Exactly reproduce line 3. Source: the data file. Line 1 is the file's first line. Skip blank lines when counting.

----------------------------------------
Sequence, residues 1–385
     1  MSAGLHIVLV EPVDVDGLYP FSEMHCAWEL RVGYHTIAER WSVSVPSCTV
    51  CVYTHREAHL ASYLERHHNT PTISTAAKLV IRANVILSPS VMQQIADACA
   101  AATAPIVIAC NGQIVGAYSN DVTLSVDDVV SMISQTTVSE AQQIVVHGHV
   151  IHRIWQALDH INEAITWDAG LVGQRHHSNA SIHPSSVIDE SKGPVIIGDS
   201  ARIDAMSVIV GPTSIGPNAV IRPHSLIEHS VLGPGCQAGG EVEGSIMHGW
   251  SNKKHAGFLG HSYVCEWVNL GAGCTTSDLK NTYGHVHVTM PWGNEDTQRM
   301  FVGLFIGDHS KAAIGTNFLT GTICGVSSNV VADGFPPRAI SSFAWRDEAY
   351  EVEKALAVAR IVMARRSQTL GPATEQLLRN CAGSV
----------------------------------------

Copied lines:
    51  CVYTHREAHL ASYLERHHNT PTISTAAKLV IRANVILSPS VMQQIADACA